Cousins remained with the Kings until the mid-way point of the 2016-17 season, when Divac traded him to the New Orleans Pelicans for Buddy Hield and a first and second-round pick.

The story isn’t new, but the perspective of the events from Walberg and Karl is. It’s not often that a legendary coach gets destroyed in the locker room by an All-Star player minutes before Drake stops by for a visit.

NBA rumors: GM survey gives Kings another boost in postseason chase

NBA rumors: GM survey gives Kings another boost in postseason chase

So you’re saying there’s a chance.

The Kings got a boost in their mission to snap the franchise’s 13-year postseason drought Friday morning when the results of the general managers' survey were released.

According to Shams Charania of The Athletic, 83 percent of NBA general managers voted for the “Playoff Plus” option, which would allow 20 or more teams to compete for the playoffs.

20 is the magic number for the Kings. When the season was suspended due to the coronavirus pandemic on March 11, Sacramento was in a virtual three-way tie for ninth place in the Western Conference playoff race with Portland Trail Blazers and New Orleans Pelicans. 

All three teams trailed the Memphis Grizzlies by three and a half games in the standings, with Sacramento and New Orleans still having 18 games remaining on the schedule and Portland with 16. Memphis has 17 games left, and the most difficult remaining schedule in the NBA.

[PURPLE TALK PODCAST: Listen to the latest episode]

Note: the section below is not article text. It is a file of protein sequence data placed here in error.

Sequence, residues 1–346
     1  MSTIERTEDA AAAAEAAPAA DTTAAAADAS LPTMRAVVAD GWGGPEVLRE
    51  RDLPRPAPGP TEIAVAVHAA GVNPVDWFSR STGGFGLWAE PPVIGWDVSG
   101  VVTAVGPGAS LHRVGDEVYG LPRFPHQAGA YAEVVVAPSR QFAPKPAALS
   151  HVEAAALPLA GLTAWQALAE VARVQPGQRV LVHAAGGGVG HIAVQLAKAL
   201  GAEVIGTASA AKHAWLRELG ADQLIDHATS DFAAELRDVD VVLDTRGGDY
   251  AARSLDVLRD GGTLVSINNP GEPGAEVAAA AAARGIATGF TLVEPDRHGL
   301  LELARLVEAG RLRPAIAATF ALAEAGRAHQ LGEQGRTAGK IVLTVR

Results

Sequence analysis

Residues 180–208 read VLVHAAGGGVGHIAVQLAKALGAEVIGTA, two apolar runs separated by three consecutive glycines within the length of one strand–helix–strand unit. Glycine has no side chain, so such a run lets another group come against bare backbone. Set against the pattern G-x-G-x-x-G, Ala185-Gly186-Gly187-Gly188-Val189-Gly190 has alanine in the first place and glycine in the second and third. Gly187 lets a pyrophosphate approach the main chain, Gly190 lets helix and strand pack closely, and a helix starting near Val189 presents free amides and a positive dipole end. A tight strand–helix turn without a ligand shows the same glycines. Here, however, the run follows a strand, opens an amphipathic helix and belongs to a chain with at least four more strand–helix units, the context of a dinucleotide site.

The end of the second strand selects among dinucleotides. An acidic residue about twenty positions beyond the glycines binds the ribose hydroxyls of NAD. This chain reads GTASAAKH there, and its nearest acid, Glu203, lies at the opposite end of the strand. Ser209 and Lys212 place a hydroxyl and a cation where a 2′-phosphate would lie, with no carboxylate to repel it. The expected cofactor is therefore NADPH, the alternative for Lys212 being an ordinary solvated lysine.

What would a 20-team playoff picture look like? No one knows for sure just yet, but the prevailing thought is that the Blazers, Kings, Pelicans and San Antonio Spurs, who currently sit four games back of the Grizzlies, would likely go through either a play-in scenario to try to earn a spot in the postseason. Or, it’s possible the league would reseed the field as a whole, and allow the four teams into an expanded playoff format.

There still is a possibility that the NBA chooses to include Eastern Conference teams in the grouping of 20, but when the league shut down, the race for the eighth spot was all but over in the East, with Orlando leading Washington by five and a half games.

[RELATED: NBA rumors: Kings on shortlist for potential playoff play-in tournament]

According to Charania, there is a 53-47 percent split on whether the league should reseed the playoffs this season to take into account potential additional teams.

Only 27 percent of NBA general managers voted to pick back up where the season ended and bring back all 30 teams to finish out the 82 game schedule. GMs would also like expanded rosters for the postseason and an end date no later than Oct. 1.

Sacramento was playing their best basketball of the season when the pandemic put a hold on everything. Richaun Holmes had just returned from injury and was preparing to reclaim his starting center position when the league abruptly shut their doors. There also is a chance that Marvin Bagley will return to action after playing just 13 games overall due to thumb and foot injuries.

Kings players have been filtering into the practice facility over the last few weeks for individual workouts with the hopes of getting back in shape for a potential return.

While the GM survey isn’t the final determining factor, it is a piece to puzzle for Commissioner Adam Silver as he tries to navigate an incredibly difficult task of balancing player safety and getting the league back on line.